Reports on Climate Change

Are we keeping up with Green Technological Innovation?

After the shock and depression of Copenhagen some good news is starting to appear. The President of the Maldives has advised that the argument in favour of emission control should be reborn in economics and security. His country, at sea level, is in danger of inundation. The President has said that switching to wind and solar power makes good economic sense and he has pledged his country to become carbon neutral by 2020, so we might ask what is being done within the confines of the Copenhagen Accord before the next summit in Cancun, Mexico, from November 29 to December 1

As of today, a total of 73 countries — 40 developed countries and 33 developing countries have submitted targets or actions to the UN Secretariat Click here   You can read about this further here It is a good start after the disagreements in Copenhagen

The Greenpeace Report on Climate Change Denial

"Dealing in Doubt: The Climate Denial Industry and Climate Science" is an excellent report from Greenpeace.(article here) The analysis chronicles climate change denial over 20 years funded with $23m from Exxon Mobil in the past 12 years.
 Funds from the coal, oil and car industries were channeled through think tanks such the Heartland Institute, the Cato Institute, the Competitive Enterprise Institute (CEI) and the American Enterprise Institute (AEI). The fundamental aim was to discredit the work of the IPCC based initially on the science of global warming and moving more recently to direct attack on contributing IPCC scientists. Names and mechanisms are detailed.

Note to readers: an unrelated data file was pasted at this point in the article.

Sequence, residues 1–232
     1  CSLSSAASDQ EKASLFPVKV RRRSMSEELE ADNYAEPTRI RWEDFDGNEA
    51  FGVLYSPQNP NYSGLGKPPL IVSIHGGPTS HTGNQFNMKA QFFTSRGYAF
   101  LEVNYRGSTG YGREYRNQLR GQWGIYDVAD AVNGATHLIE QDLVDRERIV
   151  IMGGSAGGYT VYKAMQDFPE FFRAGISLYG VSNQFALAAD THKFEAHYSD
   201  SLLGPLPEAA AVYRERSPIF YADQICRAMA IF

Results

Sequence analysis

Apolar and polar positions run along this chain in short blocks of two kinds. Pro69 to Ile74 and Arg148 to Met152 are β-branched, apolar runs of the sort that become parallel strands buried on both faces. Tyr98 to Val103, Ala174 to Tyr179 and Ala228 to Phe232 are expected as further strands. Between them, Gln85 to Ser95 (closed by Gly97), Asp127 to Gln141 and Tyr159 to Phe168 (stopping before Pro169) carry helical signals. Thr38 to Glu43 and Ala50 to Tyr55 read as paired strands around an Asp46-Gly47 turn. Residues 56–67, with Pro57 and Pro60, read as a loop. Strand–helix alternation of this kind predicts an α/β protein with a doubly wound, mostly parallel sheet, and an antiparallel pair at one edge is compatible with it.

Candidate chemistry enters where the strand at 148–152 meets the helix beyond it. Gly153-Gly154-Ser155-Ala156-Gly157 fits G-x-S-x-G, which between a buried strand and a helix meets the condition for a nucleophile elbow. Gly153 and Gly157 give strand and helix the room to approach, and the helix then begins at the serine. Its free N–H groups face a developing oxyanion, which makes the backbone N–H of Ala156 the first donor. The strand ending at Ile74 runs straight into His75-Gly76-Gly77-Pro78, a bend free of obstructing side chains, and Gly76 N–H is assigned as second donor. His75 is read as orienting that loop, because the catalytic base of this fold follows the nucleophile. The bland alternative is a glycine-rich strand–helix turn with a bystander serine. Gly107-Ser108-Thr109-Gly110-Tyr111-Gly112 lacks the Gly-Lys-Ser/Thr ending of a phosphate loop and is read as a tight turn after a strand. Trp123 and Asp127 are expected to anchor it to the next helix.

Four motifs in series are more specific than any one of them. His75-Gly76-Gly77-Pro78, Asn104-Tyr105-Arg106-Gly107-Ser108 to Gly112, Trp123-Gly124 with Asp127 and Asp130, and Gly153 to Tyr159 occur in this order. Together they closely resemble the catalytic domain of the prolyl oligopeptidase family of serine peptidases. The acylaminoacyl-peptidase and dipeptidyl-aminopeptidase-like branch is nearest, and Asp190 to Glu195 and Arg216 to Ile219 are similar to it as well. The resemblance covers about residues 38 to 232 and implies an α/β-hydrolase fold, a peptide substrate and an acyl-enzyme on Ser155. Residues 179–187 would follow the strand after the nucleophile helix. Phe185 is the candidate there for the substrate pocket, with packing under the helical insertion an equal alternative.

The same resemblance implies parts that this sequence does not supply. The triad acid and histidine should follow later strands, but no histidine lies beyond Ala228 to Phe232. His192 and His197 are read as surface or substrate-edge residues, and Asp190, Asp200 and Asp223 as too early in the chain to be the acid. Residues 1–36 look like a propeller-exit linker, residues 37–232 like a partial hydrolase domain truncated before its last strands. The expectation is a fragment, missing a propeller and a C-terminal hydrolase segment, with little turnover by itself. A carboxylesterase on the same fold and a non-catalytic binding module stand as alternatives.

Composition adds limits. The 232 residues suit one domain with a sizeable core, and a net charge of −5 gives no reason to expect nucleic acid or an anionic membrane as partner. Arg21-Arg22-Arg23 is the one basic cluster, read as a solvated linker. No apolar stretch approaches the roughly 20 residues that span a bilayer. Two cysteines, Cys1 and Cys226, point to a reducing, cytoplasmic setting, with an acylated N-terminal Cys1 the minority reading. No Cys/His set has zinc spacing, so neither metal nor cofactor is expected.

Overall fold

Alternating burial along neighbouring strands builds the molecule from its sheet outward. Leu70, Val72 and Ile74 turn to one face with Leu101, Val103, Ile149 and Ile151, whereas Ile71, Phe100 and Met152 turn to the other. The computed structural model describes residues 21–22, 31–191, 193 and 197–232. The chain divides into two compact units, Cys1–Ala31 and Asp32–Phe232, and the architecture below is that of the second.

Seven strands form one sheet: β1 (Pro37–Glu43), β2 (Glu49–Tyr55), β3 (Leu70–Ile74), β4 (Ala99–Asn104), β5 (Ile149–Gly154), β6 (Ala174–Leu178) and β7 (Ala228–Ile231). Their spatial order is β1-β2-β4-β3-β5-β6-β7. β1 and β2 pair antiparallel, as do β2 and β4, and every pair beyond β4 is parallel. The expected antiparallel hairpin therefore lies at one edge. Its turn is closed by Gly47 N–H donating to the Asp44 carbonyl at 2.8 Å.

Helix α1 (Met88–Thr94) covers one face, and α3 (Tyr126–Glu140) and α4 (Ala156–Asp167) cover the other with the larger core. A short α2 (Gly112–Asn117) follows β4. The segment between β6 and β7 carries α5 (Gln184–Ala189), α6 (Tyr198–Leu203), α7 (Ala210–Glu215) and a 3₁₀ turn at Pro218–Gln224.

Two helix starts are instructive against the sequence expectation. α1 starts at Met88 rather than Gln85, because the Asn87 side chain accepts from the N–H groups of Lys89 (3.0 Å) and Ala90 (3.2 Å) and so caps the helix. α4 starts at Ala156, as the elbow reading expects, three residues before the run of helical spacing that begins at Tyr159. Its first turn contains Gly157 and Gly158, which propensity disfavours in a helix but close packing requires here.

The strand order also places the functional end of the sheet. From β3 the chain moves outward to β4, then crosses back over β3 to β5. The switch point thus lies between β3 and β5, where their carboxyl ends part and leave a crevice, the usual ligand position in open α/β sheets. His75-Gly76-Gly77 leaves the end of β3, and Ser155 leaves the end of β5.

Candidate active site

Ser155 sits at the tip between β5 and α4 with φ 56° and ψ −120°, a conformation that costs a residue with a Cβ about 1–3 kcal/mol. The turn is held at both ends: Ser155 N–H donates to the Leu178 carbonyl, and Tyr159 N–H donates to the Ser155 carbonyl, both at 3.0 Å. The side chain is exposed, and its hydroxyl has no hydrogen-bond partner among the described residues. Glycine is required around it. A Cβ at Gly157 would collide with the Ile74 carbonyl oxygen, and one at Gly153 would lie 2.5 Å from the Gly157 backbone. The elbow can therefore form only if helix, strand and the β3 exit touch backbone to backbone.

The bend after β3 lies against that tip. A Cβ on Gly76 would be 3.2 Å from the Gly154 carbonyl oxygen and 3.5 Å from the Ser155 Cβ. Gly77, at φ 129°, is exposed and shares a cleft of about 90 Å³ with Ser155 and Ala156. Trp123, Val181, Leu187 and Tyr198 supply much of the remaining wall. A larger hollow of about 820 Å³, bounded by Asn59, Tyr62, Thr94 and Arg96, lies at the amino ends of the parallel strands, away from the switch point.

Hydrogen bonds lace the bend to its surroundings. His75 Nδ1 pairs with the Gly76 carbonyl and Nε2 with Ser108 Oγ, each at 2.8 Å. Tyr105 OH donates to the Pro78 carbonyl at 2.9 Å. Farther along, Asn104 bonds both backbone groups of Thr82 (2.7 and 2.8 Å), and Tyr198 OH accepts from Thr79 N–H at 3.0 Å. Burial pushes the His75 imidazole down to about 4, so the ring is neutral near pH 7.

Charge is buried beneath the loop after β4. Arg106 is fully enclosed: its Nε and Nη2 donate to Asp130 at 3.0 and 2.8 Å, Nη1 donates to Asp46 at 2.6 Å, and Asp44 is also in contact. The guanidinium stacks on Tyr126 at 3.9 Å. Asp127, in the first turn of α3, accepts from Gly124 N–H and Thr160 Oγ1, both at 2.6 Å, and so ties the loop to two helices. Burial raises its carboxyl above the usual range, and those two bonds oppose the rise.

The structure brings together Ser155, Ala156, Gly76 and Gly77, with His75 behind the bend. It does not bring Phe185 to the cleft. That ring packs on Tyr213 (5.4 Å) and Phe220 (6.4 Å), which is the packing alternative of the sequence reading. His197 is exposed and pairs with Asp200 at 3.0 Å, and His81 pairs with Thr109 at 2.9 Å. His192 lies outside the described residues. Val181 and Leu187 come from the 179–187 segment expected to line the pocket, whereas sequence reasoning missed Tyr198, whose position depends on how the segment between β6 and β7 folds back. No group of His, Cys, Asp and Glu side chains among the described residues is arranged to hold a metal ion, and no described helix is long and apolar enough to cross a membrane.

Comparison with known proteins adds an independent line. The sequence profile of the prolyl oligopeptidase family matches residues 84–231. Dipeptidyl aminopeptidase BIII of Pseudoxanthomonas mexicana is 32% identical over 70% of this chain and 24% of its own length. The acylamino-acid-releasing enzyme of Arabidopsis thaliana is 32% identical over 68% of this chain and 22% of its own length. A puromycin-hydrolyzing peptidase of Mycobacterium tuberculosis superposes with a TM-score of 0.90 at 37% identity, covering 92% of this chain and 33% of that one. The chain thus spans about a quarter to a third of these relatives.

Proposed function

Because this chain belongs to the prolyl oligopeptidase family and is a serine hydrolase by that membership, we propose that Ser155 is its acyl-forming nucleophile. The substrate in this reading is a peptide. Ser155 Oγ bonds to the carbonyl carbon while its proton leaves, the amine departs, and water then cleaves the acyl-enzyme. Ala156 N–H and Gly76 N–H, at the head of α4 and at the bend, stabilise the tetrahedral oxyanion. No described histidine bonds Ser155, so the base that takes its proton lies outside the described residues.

Climategate and shooting the messenger, by Peter Doherty

Peter Doherty, Nobel Prize winning scientist – is author of  “A Light History of Hot Air”  and member of the DEA Scientific Advisory Committee.
– We acknowledge that this article appeared in the Australian Financial Review February 11 2010. The article provides an important perspective from a world expert in science.

Climategate and shooting the messenger, by Peter Doherty

Back in November 2009, just before the Copenhagen Climate Congress, we suddenly saw the release of about 1,000 e-mails pirated from a server used by the Climate Research Unit (CRU) of Britain’s University of East Anglia. The police are still investigating, but what was in a few of these e-mails has been exploited to discredit both the integrity of the climate science community and the United Nations Intergovernmental Panel on Climate Change (IPCC). Leading CRU investigators and their correspondents were among the thousands of scientists who contributed to the fourth (and latest) IPCC report that summarizes what is happening globally with this enormously complex and difficult situation and speculates about possible outcomes.

REDD: An introduction